The American Cable Association says the FCC's totality of circumstances test for good faith retransmission consent negotiations, adopted in 2000, is vague and overly permissive and has allowed broadcasters to abuse their market power to demand unreasonable terms, including program bundling that hurts consumers.
That was among the comments flooding the commission at the Dec. 1 deadline for initial input on its congressionally mandated review of what constitutes the "totality of the circumstances" that would constitute not bargaining in good faith.
"The problems associated with the conduct and proposals of station owners are well known: increasingly acrimonious negotiations, growing incidences of blackouts, including online blackouts, and spiraling price increases," ACA said.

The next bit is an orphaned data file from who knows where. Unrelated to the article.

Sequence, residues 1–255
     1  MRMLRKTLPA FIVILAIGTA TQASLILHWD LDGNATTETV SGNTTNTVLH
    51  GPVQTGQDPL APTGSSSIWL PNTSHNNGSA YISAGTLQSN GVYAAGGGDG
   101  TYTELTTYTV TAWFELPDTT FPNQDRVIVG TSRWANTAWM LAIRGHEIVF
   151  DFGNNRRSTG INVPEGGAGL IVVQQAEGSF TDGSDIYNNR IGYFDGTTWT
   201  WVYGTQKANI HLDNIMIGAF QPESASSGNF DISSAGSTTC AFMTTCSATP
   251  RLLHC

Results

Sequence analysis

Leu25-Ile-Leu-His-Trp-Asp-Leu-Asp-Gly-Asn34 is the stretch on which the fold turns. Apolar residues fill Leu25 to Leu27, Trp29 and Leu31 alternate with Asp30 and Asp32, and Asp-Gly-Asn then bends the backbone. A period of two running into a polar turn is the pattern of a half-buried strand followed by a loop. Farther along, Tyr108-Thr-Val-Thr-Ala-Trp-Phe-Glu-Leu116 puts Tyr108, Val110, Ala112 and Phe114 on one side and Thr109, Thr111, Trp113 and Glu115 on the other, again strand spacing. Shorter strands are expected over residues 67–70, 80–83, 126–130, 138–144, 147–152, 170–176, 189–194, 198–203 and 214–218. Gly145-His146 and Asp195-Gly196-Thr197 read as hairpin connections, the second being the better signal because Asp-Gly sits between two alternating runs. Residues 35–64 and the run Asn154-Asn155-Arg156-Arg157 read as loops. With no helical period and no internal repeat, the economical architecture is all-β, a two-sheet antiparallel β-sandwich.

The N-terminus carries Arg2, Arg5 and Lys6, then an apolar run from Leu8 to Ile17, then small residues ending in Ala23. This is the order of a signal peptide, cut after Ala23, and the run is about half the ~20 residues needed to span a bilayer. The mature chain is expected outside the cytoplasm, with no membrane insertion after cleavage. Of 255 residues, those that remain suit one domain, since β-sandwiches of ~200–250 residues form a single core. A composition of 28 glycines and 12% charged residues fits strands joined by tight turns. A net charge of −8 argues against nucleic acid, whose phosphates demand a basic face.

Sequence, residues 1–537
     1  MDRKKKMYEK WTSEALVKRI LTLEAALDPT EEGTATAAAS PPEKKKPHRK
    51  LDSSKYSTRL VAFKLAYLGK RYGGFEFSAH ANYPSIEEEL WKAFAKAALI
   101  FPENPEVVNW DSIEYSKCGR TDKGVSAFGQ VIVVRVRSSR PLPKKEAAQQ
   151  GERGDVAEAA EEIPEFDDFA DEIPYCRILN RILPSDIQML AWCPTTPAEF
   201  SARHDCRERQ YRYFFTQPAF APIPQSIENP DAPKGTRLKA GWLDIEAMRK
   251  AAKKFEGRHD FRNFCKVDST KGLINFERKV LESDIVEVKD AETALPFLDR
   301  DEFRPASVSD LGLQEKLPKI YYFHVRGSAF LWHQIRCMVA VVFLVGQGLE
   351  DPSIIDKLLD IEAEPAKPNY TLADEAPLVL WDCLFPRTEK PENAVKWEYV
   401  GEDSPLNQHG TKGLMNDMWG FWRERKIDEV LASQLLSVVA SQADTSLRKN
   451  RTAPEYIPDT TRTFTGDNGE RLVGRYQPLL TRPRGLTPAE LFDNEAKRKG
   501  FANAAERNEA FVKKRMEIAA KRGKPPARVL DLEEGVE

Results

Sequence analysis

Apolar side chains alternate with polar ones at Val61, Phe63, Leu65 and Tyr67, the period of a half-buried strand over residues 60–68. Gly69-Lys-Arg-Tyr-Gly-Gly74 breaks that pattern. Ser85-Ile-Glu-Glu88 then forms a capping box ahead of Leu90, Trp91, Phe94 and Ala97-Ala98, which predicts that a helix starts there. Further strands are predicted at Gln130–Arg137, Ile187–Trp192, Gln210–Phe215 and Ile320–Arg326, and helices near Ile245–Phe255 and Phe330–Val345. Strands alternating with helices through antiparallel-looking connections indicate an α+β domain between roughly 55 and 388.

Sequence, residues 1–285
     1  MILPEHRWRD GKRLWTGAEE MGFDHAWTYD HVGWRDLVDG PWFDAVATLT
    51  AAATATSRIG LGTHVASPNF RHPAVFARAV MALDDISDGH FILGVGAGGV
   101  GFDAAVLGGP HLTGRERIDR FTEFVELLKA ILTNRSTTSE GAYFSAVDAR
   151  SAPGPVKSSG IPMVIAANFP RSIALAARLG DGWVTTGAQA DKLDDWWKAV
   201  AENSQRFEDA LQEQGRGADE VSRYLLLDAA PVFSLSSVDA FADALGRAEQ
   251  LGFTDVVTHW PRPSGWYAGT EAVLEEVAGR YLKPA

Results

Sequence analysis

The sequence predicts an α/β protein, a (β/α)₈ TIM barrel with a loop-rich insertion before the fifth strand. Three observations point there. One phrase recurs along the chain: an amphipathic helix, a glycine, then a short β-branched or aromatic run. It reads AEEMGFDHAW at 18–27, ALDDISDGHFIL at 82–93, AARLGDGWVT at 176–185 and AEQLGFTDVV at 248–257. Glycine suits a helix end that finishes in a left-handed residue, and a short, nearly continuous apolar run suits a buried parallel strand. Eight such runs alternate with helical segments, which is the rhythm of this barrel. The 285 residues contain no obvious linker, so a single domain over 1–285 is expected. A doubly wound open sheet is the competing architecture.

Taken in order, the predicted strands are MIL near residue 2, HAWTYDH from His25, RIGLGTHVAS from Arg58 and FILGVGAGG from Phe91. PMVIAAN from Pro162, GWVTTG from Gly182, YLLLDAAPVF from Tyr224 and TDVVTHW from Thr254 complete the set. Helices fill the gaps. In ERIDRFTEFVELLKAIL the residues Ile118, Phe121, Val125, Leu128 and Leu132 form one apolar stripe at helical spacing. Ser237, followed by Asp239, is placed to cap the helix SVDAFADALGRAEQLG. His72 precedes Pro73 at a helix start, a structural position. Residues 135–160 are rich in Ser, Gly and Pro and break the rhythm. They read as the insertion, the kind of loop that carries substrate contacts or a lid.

ACA said Congress meant for the FCC to reform its retrans rules through the mandatory proceeding, something broadcasters dispute.
ACA said the FCC has the authority and responsibility to take "muscular action" to reform them, including taking a public interest approach and deeming whatever causes consumer harm de facto bad faith.
In launching the rulemaking Sept. 2, the FCC asked whether "causing consumers harm to enhance negotiating leverage generally be a factor that we should consider as evidence of bad faith under the totality of the circumstances test."
Beyond that, ACA says the FCC should "update" its list of tactics that are considered presumptively "consistent with marketplace conditions," something the FCC appears ready to do, though the rulemaking proposal tees them all up as potential changes without endorsing them.
Bundling programming is currently presumptively OK, but the FCC signaled it could remove that from the list and ACA is urging it to do so.
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